How do I teach my horse to engage his hind end and collect?
I have a 9 year old thoroughbred gelding that I've had for going on 3 years. His is NOT off track. I need to start getting him to engage his hind end and collect, but I'm not really sure where to start. I can get at least a 1/2 way bend in the front end, but his back end is still just...everywhere. He drags his feet, and the only time he picks them up is over the trotting poles. He's got a slight bit of roached back, but not too bad.
I just really need to know how to train him to do this, because I don't know how. I don't have a trainer or instructor, nor can I afford one. Any help is appreciated! I've attached a picture so you can look at his build in case it helps.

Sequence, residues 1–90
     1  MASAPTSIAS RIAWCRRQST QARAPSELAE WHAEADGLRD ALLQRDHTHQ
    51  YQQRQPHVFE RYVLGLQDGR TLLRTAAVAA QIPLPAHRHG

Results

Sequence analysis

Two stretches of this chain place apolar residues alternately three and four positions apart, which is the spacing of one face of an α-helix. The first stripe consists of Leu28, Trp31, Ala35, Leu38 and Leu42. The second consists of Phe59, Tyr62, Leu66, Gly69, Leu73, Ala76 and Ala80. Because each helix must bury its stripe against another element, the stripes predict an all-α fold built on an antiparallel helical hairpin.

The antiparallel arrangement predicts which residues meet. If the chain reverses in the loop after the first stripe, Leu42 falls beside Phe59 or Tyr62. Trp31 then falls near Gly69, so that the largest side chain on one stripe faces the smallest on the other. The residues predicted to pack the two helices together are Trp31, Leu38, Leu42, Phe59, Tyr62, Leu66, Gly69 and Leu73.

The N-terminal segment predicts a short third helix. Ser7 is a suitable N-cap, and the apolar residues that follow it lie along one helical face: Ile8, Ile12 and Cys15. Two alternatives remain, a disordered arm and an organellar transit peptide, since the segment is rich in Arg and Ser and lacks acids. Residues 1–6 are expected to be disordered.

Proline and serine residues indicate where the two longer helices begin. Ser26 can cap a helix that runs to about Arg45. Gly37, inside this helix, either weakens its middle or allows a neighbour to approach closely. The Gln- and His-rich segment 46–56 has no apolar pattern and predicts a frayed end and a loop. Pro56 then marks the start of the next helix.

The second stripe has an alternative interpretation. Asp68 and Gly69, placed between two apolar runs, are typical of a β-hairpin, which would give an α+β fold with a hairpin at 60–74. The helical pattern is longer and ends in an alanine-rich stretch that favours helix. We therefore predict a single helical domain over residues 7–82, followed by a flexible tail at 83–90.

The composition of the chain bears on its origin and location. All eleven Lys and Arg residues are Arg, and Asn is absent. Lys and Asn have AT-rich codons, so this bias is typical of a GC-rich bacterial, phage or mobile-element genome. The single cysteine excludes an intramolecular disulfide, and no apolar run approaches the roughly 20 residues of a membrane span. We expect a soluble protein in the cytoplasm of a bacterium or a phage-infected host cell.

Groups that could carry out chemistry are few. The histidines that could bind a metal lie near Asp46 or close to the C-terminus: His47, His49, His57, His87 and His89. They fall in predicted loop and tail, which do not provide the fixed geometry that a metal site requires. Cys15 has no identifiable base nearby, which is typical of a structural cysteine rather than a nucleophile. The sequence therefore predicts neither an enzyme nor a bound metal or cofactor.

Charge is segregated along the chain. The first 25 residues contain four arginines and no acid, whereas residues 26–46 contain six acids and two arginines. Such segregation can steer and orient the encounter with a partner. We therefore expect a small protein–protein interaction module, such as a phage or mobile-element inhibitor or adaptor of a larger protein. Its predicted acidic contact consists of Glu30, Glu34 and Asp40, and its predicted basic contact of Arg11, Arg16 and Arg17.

First make sure he is light and soft doing lateral flexion, you should be able to lift one rein to your hip and he gives his nose to your boot. If he is stiff at first start on the ground and ask for just a little flex and as he softens ask for more. When he gets really soft, good lateral flexion is the key to vertical flexion.